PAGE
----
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Technics EAH-F70N review (hands-on): These new noise-cancelling headphones take aim at Bose and Sony

Christopher Minasians
11 Mar 2019

The Technics EAH-F70N boast an impressive set of features and luxurious design but cost a small fortune

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Technics may be known best for its turntables, but it also has a pretty broad range of headphones, the latest of these being the EAH-F70N. These premium over-ear wireless headphones have active noise-cancellation (ANC) technology and come packed with advanced features.

With Bose and Sony currently leading the way, though, Technics is up against some strong opposition. The question is: are the EAH-F70N good enough to claim the top spot? I spent some time with them at the Panasonic Convention 2019, which took place in Frankfurt, to find out.

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Technics EAH-F70N: UK price and availability

At the time of writing, Technics hasn’t announced UK pricing or availability but the EAH-F70N will be launched in Europe at €399, so expect a UK price of around £350. That’s a touch more than their key rivals, the Bose QuietComfort 35 II and the Sony WH-1000XM3, which typically cost £330, so they’re going to have to be something special to persuade brand-loyal customers to switch.

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Technics EAH-F70N: Build quality and design

The general look and feel of the headphones are one of subtle sophistication. There’s a real sense of quality when you pick them up: from the all-aluminium construction to the leather-finished pads and headband, they certainly don’t feel cheap or flimsy, yet at around 270g they’re relatively lightweight.

The headphones aren’t available in any particularly fancy colours (you get the choice between black, white and brown), but it’s the small details that really impress here. The circular metal plate that sits on the outer part of the cup gleams and catches the light attractively and the Technics logo, laser-engraved on the outside, does the same. The ear pads are made out of a soft foam material and feel a little like those found on Microsoft's Surface Headphones. From my short time with them, I found them comfortable.

They’re practical, too: the drivers have a swivel and fold mechanism that makes them easy to carry around, and you get a carrying pouch included in the box to protect them from scratches.

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Technics EAH-F70N: Features

Instead of just one level of noise cancellation, the EAH-F70N have three, each designed to cater to a different environment from aeroplane cabin noise to conversations on the train. I was pleasantly surprised at how competent the headphones were at blocking out ambient sound, but since I didn’t have a pair of Bose QC35 II or Sony WH-1000XM3 at hand to compare them with, I can’t say if they’re competitive or not.

The EAH-F70N’s “ambient sound enhancer” function works in a similar way to that of Sony headphones. By placing your hand over the right earcup, they momentarily amplify environmental noise, allowing you to quickly listen in for oncoming traffic or airport announcements without having to remove the headphones.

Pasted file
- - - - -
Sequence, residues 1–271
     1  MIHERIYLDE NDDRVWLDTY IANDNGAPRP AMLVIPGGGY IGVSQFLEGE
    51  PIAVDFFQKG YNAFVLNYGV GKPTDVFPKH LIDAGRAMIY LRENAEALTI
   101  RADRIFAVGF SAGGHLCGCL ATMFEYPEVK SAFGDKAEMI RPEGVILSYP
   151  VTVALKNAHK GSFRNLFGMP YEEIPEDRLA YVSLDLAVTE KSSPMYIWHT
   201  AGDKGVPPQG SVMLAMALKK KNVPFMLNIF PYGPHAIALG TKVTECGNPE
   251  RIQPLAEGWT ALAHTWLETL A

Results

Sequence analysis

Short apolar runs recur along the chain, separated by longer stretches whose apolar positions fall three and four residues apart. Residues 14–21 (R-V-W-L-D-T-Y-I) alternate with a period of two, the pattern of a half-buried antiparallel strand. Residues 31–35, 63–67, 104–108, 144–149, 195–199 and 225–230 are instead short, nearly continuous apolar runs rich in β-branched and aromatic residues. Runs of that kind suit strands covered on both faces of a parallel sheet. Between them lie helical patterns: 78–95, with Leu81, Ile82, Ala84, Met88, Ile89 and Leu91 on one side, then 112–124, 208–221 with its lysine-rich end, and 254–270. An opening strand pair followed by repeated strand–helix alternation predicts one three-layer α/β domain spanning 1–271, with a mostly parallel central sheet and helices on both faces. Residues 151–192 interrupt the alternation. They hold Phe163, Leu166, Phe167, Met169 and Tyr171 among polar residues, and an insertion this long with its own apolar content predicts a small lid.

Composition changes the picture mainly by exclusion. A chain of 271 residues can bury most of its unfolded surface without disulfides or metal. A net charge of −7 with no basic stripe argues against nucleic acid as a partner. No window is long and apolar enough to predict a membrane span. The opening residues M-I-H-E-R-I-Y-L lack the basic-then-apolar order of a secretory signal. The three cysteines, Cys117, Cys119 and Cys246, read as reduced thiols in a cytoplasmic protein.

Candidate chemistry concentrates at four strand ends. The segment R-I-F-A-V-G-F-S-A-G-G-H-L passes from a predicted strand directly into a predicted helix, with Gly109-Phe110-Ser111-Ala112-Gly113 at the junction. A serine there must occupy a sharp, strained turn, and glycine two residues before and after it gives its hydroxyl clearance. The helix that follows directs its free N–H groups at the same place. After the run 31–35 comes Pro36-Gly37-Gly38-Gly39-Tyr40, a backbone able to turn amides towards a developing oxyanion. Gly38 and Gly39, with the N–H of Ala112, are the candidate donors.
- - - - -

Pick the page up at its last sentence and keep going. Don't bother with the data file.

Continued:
What the Technics don’t have is the ability to sense what you’re doing and adjust noise-cancelling levels automatically. They do, however, have a pressure sensor, which pauses music when the headphones are removed and resumes it when they’re replaced.

As for connectivity, the EAH-F70N are designed to be listened to over a Bluetooth connection. If you deplete the quoted 20-hour lithium-ion battery, however, you can use the included 1.2m cable to connect them to your smartphone via a 3.5mm jack. Charging is done via micro-USB, alas, so fast-charging isn’t an option. Technics says they take around four hours to fully charge from empty.

When it comes to Bluetooth connectivity, the F70N support all the major codecs: SBC, AAC, Qualcomm aptX, aptX HD and Sony’s high-fidelity LDAC.

Technics EAH-F70N: Sound quality

From my short time with the headphones, I found them to be dynamic. Their 40mm Neodymium drivers provide a punchy, engaging sound signature and deliver a largely balanced sound.

The bass is tight, controlled and eloquently extends into the lower sub-bass regions; mids are detailed and well-judged, though a touch recessed; and the highs are crisp without ever becoming irritatingly sibilant or brash.

As for soundstage and instrument separation, the EAH-F70N are good here too, with plenty of width and depth.

Sonically, there’s plenty of promise and I’m excited to see how the headphones compare with the best-sounding ANC headphones on the market – the Sony WH-1000XM3, the PSB M4U 8 and the Nuraphone.

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Technics EAH-F70N: Early Verdict

It’s too early to deliver a definitive verdict, but initial impressions are positive. So far, I’ve been pleasantly surprised at both the sonic characteristics and the ANC performance of the EAH-F70N.

My only concern is that price tag. At €399, Technics will struggle to sway consumers to buy its headphones over big brands Bose and Sony, no matter how they good they are. I’ll be sure to update this article once I’ve received a review unit.

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